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Hubris and Ignorance | davelovell.net
Feb 272012

I may not know what I think I know, you know?

So I’ve been try­ing to come to some under­stand­ing about how very bright peo­ple, like some very close bio­log­i­cal rel­a­tives of mine, can see the polit­i­cal land­scape so dif­fer­ently than I do.

Be warned; I’m about to get all for­mal essay on you…

1.    Cog­ni­tive hubris: each of us believes that his map of the world is more accu­rate than it really is.

2.    Rad­i­cal igno­rance: when it comes to com­plex social phe­nom­ena, our maps are highly inaccurate.

Cog­ni­tive hubris can explain large, per­sis­tent dis­agree­ments over such issues as finan­cial reg­u­la­tion and Key­ne­sian fis­cal stimulus.

Cog­ni­tive hubris is par­tic­u­larly trou­ble­some when com­bined with rad­i­cal igno­rance. Indeed, this con­fig­u­ra­tion jus­ti­fies lim­it­ing gov­ern­ment inter­ven­tion in order to avoid set­ting up sys­tems that are exces­sively fragile.

Kah­ne­man on Hubris

“Our com­fort­ing con­vic­tion that the world makes sense rests on a secure foun­da­tion: our almost unlim­ited abil­ity to ignore our igno­rance.” — Daniel Kah­ne­man1

Cog­ni­tive psy­chol­o­gist Daniel Kahneman’s new book, Think­ing Fast and Slow, is a cap­stone to a dis­tin­guished career spent doc­u­ment­ing the sys­tem­atic flaws in human rea­son­ing. He finds it use­ful to describe us as hav­ing two sys­tems for thinking.

Sys­tem One, as he calls it, is quick, intu­itive, and deci­sive. It may be described as often wrong but never in doubt. Sys­tem One is always active and plays a role in every deci­sion that we make because it oper­ates rapidly and unconsciously.

Sys­tem Two is delib­er­a­tive and log­i­cal. In prin­ci­ple, Sys­tem Two can detect and cor­rect the errors of Sys­tem One. How­ever, Sys­tem Two has lim­ited capac­ity, and often we do not invoke it before arriv­ing at a con­clu­sion. Even worse, we may deploy Sys­tem Two to ratio­nal­ize the con­clu­sions of Sys­tem One, rather than to ques­tion those con­clu­sions and sug­gest appro­pri­ate changes.

Sup­pose you were to ask your­self how well you under­stand the world around you. How accu­rate is your map of reality?

If you inter­ro­gate Sys­tem Two, it might reply, “There are many phe­nom­ena about which I know lit­tle. In the grand scheme of things, I am just blindly grop­ing through a world that is far too com­plex for me to pos­si­bly understand.”

How­ever, if you were to inter­ro­gate Sys­tem One, it might reply, “My map is ter­rific. Why, I am very nearly omniscient!”

Evi­dently, in order to per­form its func­tion, Sys­tem One has to have con­fi­dence in its map. Indeed, else­where Kah­ne­man has told a story of a group of Swiss sol­diers who were lost in the Alps because of bad weather. One of them real­ized he had a map. Only after they had suc­cess­fully climbed down to safety did any­one dis­cover that it was a map of the Pyre­nees. Kah­ne­man tells that story in the con­text of dis­cussing eco­nomic and finan­cial mod­els. Even if those maps are wrong, we still feel bet­ter when using them.2

In fact, a num­ber of the cog­ni­tive biases that Kah­ne­man and other psy­chol­o­gists have doc­u­mented would appear to serve as defense mech­a­nisms, enabling the indi­vid­ual to hold onto the view that his map is the cor­rect one. For exam­ple, there is con­fir­ma­tion bias, which is the ten­dency to be less skep­ti­cal toward evi­dence in sup­port of one’s views than toward con­trary evidence.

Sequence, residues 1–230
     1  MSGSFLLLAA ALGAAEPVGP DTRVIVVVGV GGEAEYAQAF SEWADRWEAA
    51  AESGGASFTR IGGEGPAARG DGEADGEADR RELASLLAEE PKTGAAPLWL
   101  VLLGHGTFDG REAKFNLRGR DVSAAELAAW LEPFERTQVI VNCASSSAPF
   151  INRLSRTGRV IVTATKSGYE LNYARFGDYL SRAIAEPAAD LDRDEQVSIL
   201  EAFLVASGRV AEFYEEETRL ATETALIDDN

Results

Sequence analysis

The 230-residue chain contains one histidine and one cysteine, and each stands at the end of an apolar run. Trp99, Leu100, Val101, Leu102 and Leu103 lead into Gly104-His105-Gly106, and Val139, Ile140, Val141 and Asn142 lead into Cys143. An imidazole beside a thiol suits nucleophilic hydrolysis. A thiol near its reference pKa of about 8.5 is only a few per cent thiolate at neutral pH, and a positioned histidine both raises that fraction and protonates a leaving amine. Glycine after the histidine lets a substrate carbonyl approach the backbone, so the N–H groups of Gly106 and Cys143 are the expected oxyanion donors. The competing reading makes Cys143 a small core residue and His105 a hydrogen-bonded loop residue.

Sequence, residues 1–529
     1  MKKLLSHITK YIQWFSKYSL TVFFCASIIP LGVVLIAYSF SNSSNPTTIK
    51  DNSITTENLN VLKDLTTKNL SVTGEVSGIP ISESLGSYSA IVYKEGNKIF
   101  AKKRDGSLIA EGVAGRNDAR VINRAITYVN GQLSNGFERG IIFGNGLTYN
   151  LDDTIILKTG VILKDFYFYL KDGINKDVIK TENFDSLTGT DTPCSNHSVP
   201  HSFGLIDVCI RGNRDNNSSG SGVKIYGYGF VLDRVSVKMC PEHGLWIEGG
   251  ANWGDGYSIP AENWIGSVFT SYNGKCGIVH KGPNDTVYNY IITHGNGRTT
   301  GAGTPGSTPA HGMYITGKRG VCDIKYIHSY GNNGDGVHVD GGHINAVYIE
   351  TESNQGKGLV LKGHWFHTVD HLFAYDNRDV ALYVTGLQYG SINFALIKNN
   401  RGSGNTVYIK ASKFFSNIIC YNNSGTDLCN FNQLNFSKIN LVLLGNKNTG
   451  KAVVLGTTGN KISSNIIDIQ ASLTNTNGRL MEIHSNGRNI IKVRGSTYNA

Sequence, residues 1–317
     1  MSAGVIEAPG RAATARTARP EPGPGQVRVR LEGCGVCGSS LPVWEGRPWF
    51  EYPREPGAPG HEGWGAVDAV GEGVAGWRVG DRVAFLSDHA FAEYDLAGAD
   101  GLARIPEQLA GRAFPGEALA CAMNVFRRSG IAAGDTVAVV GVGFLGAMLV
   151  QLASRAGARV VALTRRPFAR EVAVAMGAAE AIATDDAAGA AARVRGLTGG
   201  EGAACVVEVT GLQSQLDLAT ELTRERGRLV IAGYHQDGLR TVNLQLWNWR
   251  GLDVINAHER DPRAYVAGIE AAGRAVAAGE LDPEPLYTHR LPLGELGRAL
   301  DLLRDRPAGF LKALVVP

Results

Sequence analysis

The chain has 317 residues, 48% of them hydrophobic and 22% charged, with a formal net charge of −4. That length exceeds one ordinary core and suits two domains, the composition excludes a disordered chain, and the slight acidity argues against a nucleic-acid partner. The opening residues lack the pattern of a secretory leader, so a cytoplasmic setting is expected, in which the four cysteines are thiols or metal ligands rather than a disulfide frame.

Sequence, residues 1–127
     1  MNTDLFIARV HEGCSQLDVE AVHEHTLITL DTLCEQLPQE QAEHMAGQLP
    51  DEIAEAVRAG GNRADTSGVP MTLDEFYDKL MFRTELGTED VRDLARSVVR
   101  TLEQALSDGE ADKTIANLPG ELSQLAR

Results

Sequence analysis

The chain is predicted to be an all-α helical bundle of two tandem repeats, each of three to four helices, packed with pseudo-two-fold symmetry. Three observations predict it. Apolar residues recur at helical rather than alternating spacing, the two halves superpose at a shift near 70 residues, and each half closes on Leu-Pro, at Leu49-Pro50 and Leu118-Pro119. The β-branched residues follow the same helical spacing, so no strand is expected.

Sys­tem Two is evi­dently not able to over­come cog­ni­tive hubris, even in sit­u­a­tions where one would expect Sys­tem Two to be invoked, such as fore­cast­ing the dif­fi­culty of a major under­tak­ing. Orga­ni­za­tions are much more likely to be overly opti­mistic than overly pes­simistic about the time and cost of com­plet­ing projects. Kah­ne­man calls this the “plan­ning fal­lacy.” One plau­si­ble expla­na­tion for this is that plan­ners over-estimate the qual­ity of the maps that they are using to make their forecasts.

Rad­i­cal Ignorance

Polit­i­cal sci­en­tist Jef­frey Fried­man uses the term “rad­i­cal igno­rance” to describe what he sees as the low qual­ity of maps that all of us have in our com­plex social envi­ron­ment. He con­trasts this rad­i­cal igno­rance with the assump­tions that econ­o­mists make, in which mar­ket par­tic­i­pants and pol­i­cy­mak­ers pos­sess nearly per­fect infor­ma­tion.3 Indeed, this year’s Nobel Prize in eco­nom­ics once again rein­forced the pop­u­lar­ity in main­stream eco­nom­ics of “ratio­nal expec­ta­tions,” a par­tic­u­larly strin­gent assump­tion that eco­nomic actors pos­sess uni­formly high qual­ity information.

Largely unwill­ing to con­sider igno­rance, econ­o­mists usu­ally fall back on incen­tives as expla­na­tions for phe­nom­ena. For exam­ple, econ­o­mists explain the buildup of risk in banks’ port­fo­lios in the years lead­ing up to the cri­sis of 2008 as result­ing from moral haz­ard, in which bankers knew that they were going to be bailed out if things went poorly. How­ever, Fried­man points out that if they had truly been seek­ing out high returns with high risk, they would not have been obsessed with obtain­ing the secu­ri­ties with the most pris­tine risk rat­ing: AAA. Low-rated secu­ri­ties would have been used to exploit moral haz­ard even more effec­tively, since they paid much greater yields than higher-rated securities.